Do you have clover weeds in your lawn or garden? Most of us do. To just about everyone, it is considered a weed. This is true whether it is in your lawn or the garden. About the only people who like it are farmers and those in search of the uncommon yet lucky four leaf clover. So, for most of us, clover weeds in the grass are unwanted plants that compete with the desired lush lawn grasses. As a result, controlling it in lawns is a major task for homeowners like you and me.
There are several varieties. White and red varieties are most common in lawns. Red clover has red, pink, or purple flowers. Aside from flower color, the two types are very similar in all other ways. Most leaves are three-petaled. If you happen to find a rare four-leaf clover it is your lucky day. Indeed, they are quite rare. It is estimated that only 1 in 10,000 leaves are four-leaved. Read on for more interesting clover trivia and facts.
While homeowners think of it as a hardy weed, farmers use annual varieties as a winter cover crop. It provides erosion protection for fields. And, its’ nitrogen-fixing qualities are good to replenish the soil. Also, livestock eats it.
Did you Know? Seed companies once included clover in grass seed mixtures. Its’ deep tap roots make it drought-tolerant, allowing it to remain green during periods of drought, while lawn grasses turn brown and go dormant.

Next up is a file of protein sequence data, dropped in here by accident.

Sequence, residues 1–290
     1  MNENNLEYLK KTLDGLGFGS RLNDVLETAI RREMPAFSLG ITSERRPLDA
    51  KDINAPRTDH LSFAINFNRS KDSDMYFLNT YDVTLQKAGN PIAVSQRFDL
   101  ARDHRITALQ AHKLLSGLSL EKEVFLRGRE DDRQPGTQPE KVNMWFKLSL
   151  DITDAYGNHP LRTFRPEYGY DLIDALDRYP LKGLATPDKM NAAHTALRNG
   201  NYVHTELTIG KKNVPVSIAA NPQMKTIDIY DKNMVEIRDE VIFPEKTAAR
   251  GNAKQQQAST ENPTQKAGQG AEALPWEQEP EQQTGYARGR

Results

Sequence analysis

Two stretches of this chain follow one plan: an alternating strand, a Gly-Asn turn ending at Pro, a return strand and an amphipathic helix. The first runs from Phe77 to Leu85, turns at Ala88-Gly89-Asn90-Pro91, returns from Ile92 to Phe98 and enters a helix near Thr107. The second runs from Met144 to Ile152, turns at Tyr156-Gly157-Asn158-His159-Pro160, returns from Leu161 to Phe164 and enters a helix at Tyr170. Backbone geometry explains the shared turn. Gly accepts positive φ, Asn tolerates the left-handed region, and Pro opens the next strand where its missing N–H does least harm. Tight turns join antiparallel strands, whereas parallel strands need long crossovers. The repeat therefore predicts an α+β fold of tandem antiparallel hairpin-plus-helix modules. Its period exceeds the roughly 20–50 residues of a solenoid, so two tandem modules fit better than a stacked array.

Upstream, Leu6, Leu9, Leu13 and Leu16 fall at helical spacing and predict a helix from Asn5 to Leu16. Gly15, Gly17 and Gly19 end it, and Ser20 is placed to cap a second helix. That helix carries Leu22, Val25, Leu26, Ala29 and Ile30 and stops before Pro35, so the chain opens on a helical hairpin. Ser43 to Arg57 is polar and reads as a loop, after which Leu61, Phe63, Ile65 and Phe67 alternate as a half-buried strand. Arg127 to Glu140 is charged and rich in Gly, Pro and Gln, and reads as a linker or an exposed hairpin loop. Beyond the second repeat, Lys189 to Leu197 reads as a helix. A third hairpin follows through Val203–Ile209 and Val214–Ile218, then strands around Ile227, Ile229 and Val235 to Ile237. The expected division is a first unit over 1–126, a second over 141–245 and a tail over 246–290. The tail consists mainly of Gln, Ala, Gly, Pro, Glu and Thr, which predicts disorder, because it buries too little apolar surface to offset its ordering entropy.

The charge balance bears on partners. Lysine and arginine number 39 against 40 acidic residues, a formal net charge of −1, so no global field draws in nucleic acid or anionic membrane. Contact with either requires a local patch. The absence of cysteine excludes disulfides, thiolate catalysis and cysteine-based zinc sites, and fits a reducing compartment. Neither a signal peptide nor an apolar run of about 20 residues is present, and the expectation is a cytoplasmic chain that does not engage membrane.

Flower Colors: White, red, pink, or purple flowers, depending upon variety.
Flowers Bloom: June to September.
Plant height: 3 to 6 inches tall.
Soil Ph: 6.0 – 7.0
Botanical Name: Trifolium Repens
All parts of the plants are edible, either raw or cooked. The leaves are used in salads and soups. It adds color to foods. The flowers have a slightly sweet taste. So, if your lawn is untreated, it is perfectly okay to grab some fresh clover for your salad. Try it tonight!
Clover flowers attract honeybees. The honeybees use nectar to make tasty clover honey.
This plant has medical benefits, too. Make clover tea to fight fever. It helps to cleanse wastes from the lymph system and improves blood. It can help to avoid or ease upset stomachs. And, it provides cancer protection as well as helps to lower cholesterol.
Most homeowners strive to eliminate clover in their lawns. We say “most” as some people actually promote clover in their yard. This is especially true, in drier regions of the country.
For those who want to know how to control clover in lawns, try these methods:
Maintain a healthy, fertile lawn – A thick, healthy lawn makes it more difficult for weeds of any kind to take root.
Cut the lawn at a higher setting – This chokes out unwanted weeds.
Vinegar and dish soap – Use this as an organic herbicide.
Hand pick (or dig up) weeds – It is a tedious yet successful method for small amounts of weeds.
Chemical controls – It is very effective. However, it is not environmentally friendly.
Here’s a little clover trivia to help make you the expert on this subject:
The plants are propagated from seeds and through the spreading of their stolons (root offshoots). Existing plants spread rapidly, if unchecked.
To control clover in the lawn, if possible cut the lawn at a level that cuts the flowers off before they get a chance to produce seeds.
One plant produces between 14,000 to 350,000 seeds. And, the seeds remain viable in the soil for up to 14 to 20 years.